On defense, Drummond does provide elite rebounding and some solid rim protection. But he won’t be switching onto guards or small forwards. Out of all centers who have played in at least 30 games this season, Drummond’s defensive rating of 110.9 ranks 10th-worst. To be fair, it is lower than Nance Jr., Kevin Love, and Thompson. But expecting Drummond to fix Cleveland’s defensive woes is unrealistic.

Drummond’s contract situation is interesting. He makes $28 million this season, the final year of his deal. However, he does have a player option for next season worth nearly $29 million. This summer’s free agency class is expected to be relatively weak, so Andre Drummond could end up being one of the better players on the market. He could decline his option and go to the highest bidder, or he could exercise it and test FA in 2021 instead. If he does decide to stick around for one more year, Drummond would essentially be Cleveland’s big free agent signing. The organization would have a season and a half to evaluate Drummond, and determine whether or not they want to offer him a long-term deal.

He is a seasoned veteran, but Drummond is still only 26 years old. He is entering the prime of his career, but he’s still six years older than the Cavaliers’ young core of Collin Sexton, Darius Garland, and Kevin Porter Jr. Does he really make sense for this team long-term? Probably moreso than Kevin Love, who is five years older than Drummond, but still not all that much. Is Drummond a player that a team should build around? No. Is he a nice complementary piece for a playoff ready team seeking help at center? Absolutely. But that’s not where the Cavs are right now, and Drummond is making nearly $30 million a year.

Does Drummond really make the Cavaliers that much better? He’s certainly not going to elevate this team to the playoffs. More likely, he’ll make a difference of between 1-3 spots in the final standings. And that could be all the difference between landing the first overall pick and selecting outside of the top five. This is a relatively weak draft class, especially compared to last year, but having a higher pick is always better for a rebuilding team.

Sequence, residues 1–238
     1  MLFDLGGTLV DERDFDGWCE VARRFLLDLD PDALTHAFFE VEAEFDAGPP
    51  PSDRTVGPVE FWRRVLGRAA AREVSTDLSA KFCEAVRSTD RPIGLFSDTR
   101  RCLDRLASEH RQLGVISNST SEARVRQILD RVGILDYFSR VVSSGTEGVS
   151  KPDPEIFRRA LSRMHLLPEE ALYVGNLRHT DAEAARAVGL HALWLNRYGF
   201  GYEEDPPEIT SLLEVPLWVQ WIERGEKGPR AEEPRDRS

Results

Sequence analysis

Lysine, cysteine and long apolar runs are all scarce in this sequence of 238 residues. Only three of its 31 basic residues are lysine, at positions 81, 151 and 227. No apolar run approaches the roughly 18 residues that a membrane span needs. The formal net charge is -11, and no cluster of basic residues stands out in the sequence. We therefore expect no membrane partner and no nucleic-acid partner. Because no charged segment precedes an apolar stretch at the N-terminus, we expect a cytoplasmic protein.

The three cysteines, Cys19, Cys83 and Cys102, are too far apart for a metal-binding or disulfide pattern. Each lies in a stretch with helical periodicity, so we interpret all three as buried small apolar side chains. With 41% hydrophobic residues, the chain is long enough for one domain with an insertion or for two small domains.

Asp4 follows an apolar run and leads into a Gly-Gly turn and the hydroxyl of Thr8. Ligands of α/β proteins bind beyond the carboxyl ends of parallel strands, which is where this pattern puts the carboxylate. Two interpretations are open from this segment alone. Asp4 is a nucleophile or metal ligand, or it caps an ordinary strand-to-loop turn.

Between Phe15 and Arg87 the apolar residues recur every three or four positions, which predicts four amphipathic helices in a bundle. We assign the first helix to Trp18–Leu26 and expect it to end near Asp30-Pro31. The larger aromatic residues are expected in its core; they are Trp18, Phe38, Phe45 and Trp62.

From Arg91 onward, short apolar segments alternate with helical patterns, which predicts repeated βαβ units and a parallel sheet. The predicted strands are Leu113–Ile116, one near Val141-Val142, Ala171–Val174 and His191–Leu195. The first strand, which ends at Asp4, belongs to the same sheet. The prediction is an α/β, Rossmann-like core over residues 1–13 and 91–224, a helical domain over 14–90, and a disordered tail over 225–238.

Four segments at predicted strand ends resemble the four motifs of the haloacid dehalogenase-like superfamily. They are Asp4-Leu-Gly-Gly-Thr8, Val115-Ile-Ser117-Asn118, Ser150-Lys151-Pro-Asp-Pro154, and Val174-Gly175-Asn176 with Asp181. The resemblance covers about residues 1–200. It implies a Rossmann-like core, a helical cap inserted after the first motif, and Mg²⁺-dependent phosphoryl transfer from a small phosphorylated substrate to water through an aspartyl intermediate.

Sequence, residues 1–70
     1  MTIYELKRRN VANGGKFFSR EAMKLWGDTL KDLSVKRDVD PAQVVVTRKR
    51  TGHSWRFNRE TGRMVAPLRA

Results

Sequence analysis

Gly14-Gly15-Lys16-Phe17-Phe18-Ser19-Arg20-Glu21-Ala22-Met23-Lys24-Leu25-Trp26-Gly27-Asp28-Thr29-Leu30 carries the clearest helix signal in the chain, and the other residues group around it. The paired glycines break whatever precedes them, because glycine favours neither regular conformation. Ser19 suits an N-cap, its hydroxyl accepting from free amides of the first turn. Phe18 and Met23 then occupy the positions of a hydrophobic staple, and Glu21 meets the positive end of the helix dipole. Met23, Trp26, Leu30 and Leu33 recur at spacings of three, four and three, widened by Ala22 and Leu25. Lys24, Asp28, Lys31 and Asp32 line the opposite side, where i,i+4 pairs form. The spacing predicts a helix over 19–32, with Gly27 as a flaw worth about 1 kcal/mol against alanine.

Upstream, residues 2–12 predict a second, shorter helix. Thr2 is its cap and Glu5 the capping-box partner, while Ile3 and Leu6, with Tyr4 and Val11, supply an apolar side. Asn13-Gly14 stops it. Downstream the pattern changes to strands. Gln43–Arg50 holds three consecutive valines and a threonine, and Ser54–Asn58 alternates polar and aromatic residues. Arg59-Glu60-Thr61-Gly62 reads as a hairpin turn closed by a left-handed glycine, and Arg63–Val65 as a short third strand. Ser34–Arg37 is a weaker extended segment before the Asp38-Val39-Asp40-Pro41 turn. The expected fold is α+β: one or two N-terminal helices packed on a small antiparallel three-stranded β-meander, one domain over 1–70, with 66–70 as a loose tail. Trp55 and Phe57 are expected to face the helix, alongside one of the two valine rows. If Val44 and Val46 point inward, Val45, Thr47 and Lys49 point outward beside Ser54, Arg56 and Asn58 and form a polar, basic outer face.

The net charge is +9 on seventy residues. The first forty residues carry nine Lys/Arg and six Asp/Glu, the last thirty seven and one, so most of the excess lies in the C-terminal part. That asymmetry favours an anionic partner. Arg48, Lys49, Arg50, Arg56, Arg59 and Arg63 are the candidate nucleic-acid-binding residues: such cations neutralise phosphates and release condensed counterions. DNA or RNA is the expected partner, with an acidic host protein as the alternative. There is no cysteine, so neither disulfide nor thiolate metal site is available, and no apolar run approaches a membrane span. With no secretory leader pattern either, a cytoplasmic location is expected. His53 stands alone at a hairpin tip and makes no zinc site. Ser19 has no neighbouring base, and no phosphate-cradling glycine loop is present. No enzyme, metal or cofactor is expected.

Drummond’s role with Cleveland will be something to monitor. He replaces Henson, who was on the floor for less than 15 minutes a night. Beilein has to find a way to divide 48 minutes between Love, Drumond, Thompson, and Nance Jr, not to mention Ante Zizic. Drummond’s passing ability makes for some interesting combinations with Love and Nance, who are good passers in their own right.

Beilein loves ball movement, and with those three big men, the ball could move quite a bit. It’s just a shame Drummond isn’t able to provide any floor spacing, otherwise we might have been able to get a glimpse of the real system that Beilein wants to run.

Andre Drummond certainly makes the Cavs better. But is he worth the financial commitment? That remains to be seen. He’s certainly worth the trade package that Cleveland gave up for him, and will make the rest of this season more entertaining.